I’m not saying we should just let our kids (or ourselves) get fat.  But, they do not need the pressure of worrying themselves about whether they will gain or lose anyone’s approval by how they look.  “Dietary restraint mediates the relationship between thin-ideal internalization and disordered eating attitudes, even in the absence of body dissatisfaction , due to the wish to attain a socially desirable figure” (Evans, 2013).  This pressure may backfire and lead to weight gain in itself.  Too-restrictive dieting leads to eating disorders, also in part because we stop being able to listen to our bodies (Johnson, 2005).  We stop knowing when we are hungry AND when we are full, which leads to binge eating.  “Although disordered eating is usually associated with underweight in popular media, it is more common in overweight individuals.  Overweight females report a greater fear of binging, preoccupation with weight, and use of unhealthy weight control behaviors than do non-overweight females (Urquhart, 2011).  Diets are destructive.  We need to relearn how to listen to our bodies and stop stressing too much about appearance.  Health works its way from the inside out.

The food relationship from Ellyn Satter‘s book “Secrets of Feeding a Healthy Family” is, we choose what and when to eat, and children choose if, and how much.  The idea is to avoid a power struggle, and possibly to provide options – two kinds of vegetables at dinner so they can choose.  Allow kids at least three exposures to food before they can officially rule it out.  I love that there is no longer a food guide pyramid.  It was harder to understand what portions are realistic.  The plate is a better guide.  We can easily divide our plates in half, fill one side with fruits and/or vegetables, and the other half with whole grains and lean meats.  Wegmans calls it “half-plate healthy“.

I realize that there is a lot (A LOT) about our kids that is out of our control.  We cannot make our kids’ choices and we can’t control their environment or how they think.  There are some factors that need to be considered and balanced, like our parenting styles, and our kids’ dispositions.

However, we can set a good example for our kids.   We start by having a healthy attitude about our own bodies, and about food.  We show our kids how to eat a balanced diet and having an active lifestyle by doing it ourselves.  We support good behaviors with positive reinforcement.  We also teach them by our own words and actions how to value their bodies by not engaging in fat talk (about ourselves or anyone else), but loving our bodies no matter how they look.  Our children will echo our words and attitudes for better or for worse. (P.S. that fat talk article is awesome!)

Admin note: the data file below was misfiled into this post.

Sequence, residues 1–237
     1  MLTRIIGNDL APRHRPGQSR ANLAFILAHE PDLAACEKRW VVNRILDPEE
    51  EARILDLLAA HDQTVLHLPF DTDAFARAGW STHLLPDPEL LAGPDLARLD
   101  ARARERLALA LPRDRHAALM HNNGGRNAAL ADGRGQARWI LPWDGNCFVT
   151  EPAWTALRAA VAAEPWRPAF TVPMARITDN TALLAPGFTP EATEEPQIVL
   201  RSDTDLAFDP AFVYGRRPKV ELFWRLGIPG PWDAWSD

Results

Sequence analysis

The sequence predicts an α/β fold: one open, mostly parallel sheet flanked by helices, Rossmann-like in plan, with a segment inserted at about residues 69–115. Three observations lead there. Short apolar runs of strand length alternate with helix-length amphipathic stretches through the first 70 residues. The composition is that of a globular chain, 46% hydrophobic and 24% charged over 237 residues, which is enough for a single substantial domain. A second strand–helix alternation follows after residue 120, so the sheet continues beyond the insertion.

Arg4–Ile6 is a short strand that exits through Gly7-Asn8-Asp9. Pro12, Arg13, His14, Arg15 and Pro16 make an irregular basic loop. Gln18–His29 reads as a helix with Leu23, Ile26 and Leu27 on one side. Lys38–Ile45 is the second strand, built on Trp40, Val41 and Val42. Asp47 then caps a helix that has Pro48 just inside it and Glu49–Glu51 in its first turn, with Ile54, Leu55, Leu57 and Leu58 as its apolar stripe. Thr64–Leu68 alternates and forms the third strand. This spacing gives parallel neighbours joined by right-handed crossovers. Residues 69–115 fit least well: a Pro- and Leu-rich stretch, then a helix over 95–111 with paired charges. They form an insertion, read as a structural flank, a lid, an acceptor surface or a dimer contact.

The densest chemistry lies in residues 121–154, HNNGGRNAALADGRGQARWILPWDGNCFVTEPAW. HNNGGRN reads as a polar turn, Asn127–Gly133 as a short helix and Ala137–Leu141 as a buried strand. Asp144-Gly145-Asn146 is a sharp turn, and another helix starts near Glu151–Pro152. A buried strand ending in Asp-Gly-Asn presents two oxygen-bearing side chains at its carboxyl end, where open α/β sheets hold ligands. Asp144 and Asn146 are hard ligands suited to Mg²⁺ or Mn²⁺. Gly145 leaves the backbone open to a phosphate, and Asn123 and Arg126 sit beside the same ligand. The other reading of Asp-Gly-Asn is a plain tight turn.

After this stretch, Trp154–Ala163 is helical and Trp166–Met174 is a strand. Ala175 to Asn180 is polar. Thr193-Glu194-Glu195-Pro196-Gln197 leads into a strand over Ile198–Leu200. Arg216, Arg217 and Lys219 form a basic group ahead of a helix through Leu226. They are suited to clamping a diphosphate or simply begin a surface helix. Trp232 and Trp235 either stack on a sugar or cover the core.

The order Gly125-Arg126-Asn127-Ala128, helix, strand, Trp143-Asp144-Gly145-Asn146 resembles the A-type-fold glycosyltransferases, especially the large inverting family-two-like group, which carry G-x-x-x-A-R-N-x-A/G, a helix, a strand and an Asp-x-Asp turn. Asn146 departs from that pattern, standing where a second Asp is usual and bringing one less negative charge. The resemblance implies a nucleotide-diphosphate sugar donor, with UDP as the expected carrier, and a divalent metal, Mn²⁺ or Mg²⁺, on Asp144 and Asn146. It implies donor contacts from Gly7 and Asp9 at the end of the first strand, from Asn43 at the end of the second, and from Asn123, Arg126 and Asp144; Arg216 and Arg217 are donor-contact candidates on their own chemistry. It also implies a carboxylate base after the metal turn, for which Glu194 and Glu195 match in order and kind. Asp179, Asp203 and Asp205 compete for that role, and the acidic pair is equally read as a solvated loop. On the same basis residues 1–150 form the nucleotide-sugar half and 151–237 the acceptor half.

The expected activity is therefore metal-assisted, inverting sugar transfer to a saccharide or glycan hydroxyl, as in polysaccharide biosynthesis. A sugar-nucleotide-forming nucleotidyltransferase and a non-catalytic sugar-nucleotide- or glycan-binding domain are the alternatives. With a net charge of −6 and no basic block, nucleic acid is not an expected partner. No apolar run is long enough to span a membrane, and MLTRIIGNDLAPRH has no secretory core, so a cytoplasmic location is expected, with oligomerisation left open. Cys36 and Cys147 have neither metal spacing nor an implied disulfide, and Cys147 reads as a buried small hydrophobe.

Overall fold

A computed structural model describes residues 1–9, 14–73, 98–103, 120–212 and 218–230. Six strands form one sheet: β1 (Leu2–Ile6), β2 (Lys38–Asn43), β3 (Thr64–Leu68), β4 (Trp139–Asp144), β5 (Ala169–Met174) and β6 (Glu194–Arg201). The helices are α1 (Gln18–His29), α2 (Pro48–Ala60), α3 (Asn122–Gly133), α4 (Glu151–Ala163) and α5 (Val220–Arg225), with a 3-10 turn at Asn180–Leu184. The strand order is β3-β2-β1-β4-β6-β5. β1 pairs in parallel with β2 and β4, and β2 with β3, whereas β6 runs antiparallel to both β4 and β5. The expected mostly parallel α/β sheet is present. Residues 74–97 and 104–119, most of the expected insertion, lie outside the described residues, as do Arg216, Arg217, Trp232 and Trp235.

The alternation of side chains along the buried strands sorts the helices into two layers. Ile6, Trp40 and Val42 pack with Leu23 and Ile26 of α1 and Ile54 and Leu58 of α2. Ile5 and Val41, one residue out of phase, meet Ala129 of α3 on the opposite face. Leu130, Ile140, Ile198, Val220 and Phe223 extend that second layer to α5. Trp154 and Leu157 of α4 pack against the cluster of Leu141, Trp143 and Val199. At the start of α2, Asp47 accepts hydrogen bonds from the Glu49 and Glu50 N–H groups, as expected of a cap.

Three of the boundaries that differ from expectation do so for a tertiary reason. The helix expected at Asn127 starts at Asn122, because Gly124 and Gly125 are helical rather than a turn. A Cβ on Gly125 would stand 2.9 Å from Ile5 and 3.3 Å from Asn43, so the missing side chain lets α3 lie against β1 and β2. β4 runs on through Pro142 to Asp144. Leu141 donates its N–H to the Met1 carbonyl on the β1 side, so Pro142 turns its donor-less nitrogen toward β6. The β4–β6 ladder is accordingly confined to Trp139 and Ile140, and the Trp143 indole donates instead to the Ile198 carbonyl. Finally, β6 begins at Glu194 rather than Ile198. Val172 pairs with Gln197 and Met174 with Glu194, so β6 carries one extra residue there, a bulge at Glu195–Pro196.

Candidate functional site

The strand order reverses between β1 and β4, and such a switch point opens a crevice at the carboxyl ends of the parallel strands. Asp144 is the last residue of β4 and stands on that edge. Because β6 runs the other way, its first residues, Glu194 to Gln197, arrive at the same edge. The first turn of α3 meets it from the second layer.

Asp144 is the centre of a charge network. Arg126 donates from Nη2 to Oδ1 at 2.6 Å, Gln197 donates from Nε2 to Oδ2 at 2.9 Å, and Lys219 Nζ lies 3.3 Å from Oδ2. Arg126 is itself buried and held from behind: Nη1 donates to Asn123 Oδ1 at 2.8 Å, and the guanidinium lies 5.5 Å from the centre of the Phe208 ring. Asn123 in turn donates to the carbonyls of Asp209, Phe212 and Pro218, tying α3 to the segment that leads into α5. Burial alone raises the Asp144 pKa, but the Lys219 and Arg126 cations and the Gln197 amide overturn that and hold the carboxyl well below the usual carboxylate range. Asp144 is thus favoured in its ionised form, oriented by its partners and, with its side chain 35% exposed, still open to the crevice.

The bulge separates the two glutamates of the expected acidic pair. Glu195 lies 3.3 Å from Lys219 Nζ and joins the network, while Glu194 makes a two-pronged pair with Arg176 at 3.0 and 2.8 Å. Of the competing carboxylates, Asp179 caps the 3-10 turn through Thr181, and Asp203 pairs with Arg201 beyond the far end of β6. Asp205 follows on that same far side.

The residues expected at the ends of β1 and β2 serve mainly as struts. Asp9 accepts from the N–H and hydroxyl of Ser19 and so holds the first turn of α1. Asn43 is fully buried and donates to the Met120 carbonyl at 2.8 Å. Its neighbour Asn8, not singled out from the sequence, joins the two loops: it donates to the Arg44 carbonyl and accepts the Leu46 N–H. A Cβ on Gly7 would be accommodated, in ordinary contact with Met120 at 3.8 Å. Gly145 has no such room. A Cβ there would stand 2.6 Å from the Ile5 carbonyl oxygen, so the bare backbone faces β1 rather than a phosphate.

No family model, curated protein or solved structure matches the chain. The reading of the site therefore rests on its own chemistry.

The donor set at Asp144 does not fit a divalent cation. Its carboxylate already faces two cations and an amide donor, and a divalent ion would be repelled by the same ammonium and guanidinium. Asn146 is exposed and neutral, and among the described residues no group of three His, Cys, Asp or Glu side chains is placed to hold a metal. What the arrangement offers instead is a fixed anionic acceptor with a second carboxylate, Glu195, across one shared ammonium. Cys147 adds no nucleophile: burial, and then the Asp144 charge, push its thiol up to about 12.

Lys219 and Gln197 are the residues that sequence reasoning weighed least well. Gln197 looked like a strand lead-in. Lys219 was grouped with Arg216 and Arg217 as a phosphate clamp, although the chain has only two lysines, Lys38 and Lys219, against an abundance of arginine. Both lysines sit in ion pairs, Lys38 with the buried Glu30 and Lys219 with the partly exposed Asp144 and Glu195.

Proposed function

“The marvel of our physical bodies is often overlooked. Who has not encountered feelings of low self-esteem because of physique or appearance? Many people wish their bodies could be more to their liking. Some with naturally straight hair want it curly. Others with curly hair want it straight. Occasionally some ladies, believing that ‘gentlemen prefer blonds,’ become ‘decided blonds.’
“Your body, whatever its natural gifts, is a magnificent creation of God.  It is a tabernacle of flesh—a temple for your spirit.  A study of your body attests to its divine design…How should these truths influence our personal behavior? We should gratefully acknowledge God as our Creator” (Elder Russel M. Nelson of the Quorum of the Twelve Apostles, We are Children of God, Conference Address, October 1998).

Here’s a great illustration of healthy habits. I love the Berenstain Bears. My only critique of this story is the inherent assumption that junk food = lazy.  Otherwise, I love it.

(Images courtesy of kidshealth.org)

Sources:
-AbuSabha R., & Achterberg, C. (1997). Review of self-efficacy and locus of control for nutrition- and health-related behavior. Journal Of The American Dietetic Association, 97(10), 1122-1132.